The O.G. of Rosè: Domaines Ott
I’m getting to the point where I’m over the rosé craze. I once loved the beverage; now it feels entirely too pedestrian. But if I am going to grab a glass, there is one bottle I’ll always sip: Domaines Ott.
Why? It’s the O.G. of rosé.
Domaines Ott, located in Provence, France, didn’t invent rosé, but they did perfect it. Long before the the 1960s jet-set were photographed by Slim Aarons and the Hamptons were splashed across BRAVO, Marcel Ott purchased cheap land in Provence to plant noble grape varieties. It was just after phylloxera decimated the area at the turn of the century, and his experiment to rebuild the winemaking area paid off: Domaines Ott now crafts wines from three estate vineyards in what is now a pricy place to produce rosé.
Domaines Otts makes reds and whites too (really good ones at that), but it’s rosé that has really taken the world. Long before everyone was offering a pink wine, this is the bottle you’d find at a wine shop, along with other heralded producers like Chateau d’Esclans and Chateau Miraval. I remember taking a bottle every time I went to Montauk in the early oughts, when, you know, it was merely Surf Lodge and actual surfers.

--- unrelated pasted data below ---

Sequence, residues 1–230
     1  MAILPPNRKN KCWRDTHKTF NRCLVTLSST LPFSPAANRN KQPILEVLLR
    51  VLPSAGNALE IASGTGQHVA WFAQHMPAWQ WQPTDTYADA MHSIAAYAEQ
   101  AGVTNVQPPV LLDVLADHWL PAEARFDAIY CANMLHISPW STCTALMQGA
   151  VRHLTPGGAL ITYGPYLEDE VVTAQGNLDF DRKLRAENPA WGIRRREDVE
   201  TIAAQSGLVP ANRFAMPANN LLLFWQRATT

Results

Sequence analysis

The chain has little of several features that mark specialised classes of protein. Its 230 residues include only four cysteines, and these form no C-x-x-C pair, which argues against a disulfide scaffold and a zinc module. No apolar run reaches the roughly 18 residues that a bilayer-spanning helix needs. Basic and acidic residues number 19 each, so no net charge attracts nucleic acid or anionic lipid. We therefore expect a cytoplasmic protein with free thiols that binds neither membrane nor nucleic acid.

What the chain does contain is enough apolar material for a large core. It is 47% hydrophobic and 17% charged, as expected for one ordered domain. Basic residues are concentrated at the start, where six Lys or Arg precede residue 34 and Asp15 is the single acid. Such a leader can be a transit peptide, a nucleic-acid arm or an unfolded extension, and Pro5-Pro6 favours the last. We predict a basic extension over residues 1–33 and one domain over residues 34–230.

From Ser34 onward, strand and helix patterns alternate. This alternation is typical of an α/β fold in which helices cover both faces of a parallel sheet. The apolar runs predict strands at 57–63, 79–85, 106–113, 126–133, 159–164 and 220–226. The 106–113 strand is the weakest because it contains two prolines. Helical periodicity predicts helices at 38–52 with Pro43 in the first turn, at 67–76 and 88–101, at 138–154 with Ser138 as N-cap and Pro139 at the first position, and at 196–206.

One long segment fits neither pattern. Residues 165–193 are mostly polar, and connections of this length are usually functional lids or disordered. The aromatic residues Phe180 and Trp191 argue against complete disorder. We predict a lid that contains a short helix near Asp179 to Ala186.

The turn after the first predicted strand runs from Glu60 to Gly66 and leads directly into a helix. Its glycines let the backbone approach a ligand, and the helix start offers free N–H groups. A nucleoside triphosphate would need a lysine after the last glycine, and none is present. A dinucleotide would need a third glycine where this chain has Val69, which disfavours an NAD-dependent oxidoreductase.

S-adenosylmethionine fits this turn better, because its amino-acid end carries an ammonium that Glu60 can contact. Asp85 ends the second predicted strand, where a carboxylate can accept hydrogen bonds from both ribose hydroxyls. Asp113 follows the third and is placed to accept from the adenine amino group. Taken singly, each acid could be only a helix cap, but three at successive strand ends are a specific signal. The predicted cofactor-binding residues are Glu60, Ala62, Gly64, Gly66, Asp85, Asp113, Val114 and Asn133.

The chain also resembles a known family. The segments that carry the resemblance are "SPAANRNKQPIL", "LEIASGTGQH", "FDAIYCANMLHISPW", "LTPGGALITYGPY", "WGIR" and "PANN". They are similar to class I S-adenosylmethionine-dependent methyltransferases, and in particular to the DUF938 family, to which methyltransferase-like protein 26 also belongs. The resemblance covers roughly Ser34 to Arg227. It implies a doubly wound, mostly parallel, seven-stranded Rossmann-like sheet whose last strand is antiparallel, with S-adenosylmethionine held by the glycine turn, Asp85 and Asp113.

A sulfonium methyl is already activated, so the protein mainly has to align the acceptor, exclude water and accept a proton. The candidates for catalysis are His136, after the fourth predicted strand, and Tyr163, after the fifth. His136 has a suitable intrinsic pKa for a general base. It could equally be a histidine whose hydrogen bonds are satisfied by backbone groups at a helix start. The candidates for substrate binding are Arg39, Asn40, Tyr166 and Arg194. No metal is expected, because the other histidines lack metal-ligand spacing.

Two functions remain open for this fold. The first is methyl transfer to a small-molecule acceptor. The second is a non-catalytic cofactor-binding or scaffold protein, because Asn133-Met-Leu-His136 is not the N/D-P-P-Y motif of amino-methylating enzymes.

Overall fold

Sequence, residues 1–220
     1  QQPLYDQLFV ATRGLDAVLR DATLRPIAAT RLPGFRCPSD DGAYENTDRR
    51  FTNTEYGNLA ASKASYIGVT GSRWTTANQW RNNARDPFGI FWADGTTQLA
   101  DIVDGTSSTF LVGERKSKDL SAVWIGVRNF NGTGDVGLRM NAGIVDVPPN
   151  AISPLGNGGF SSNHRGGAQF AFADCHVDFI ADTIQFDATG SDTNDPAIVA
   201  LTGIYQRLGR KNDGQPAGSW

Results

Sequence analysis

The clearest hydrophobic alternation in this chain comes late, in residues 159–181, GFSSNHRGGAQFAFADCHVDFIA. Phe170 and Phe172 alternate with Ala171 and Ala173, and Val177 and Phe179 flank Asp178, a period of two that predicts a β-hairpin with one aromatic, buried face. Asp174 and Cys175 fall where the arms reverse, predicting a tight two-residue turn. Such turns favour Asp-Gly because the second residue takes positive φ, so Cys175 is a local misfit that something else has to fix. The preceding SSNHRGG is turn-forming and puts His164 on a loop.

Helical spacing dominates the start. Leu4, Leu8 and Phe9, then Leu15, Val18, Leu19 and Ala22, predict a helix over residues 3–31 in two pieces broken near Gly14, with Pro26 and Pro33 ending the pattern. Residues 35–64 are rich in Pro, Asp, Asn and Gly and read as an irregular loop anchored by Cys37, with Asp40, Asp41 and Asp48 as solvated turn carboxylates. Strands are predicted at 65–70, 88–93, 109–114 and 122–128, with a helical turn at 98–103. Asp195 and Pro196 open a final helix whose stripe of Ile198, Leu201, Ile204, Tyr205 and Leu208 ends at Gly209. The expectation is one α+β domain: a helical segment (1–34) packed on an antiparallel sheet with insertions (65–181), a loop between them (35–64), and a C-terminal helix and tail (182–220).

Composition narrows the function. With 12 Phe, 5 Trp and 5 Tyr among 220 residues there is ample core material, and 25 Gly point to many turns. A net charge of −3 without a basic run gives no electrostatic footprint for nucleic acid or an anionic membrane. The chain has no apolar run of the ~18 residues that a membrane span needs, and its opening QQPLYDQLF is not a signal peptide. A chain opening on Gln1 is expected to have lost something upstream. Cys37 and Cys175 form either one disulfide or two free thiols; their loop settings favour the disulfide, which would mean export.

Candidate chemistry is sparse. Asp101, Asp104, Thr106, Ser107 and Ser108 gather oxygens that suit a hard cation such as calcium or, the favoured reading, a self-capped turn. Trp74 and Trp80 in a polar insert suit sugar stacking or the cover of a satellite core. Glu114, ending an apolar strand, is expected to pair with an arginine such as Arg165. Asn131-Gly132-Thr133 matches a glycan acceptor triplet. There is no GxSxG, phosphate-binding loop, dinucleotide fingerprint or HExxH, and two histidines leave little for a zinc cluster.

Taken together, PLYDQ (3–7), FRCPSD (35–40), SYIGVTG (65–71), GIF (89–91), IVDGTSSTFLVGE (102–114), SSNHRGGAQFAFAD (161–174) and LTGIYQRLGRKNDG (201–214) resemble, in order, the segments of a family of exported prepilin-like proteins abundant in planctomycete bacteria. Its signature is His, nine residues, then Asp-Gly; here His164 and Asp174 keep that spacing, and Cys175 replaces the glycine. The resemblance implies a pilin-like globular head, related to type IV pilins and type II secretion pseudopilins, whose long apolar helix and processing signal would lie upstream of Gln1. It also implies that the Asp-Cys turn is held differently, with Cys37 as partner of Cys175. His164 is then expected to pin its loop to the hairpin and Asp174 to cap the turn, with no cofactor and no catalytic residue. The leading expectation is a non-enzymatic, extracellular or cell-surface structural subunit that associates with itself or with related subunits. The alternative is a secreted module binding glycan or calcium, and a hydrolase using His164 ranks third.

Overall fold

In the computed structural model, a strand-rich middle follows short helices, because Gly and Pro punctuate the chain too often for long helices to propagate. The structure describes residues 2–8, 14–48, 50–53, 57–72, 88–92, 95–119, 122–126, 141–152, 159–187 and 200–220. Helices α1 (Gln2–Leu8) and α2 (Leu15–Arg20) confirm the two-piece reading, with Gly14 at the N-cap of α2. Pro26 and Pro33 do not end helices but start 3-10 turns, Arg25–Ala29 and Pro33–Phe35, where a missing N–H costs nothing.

They have a few different rosé bottlings, but my favorite, and the one you find quite consistently in the States, is the Chateau de Selle. To me, it exemplifies what a Provençal rosé should be: a light, peach-hued wine that offers aromas of fresh flowers and flavors of stone fruit and spice. It’s a blend of what I believe all rosé blends should be: Grenache dominant, with Cinsault, Mourvedre, Syrah, and a few other indigenous grapes. It’s then fermented in oak barrels. It’s just plain delicious on a hot, summer day. Plus, it pairs well with seasonal dishes, barbecue, seafood, salads, and, of course, floats in the pool.
I’ll be pulling out a bottle to make it through this heatwave. Will you too?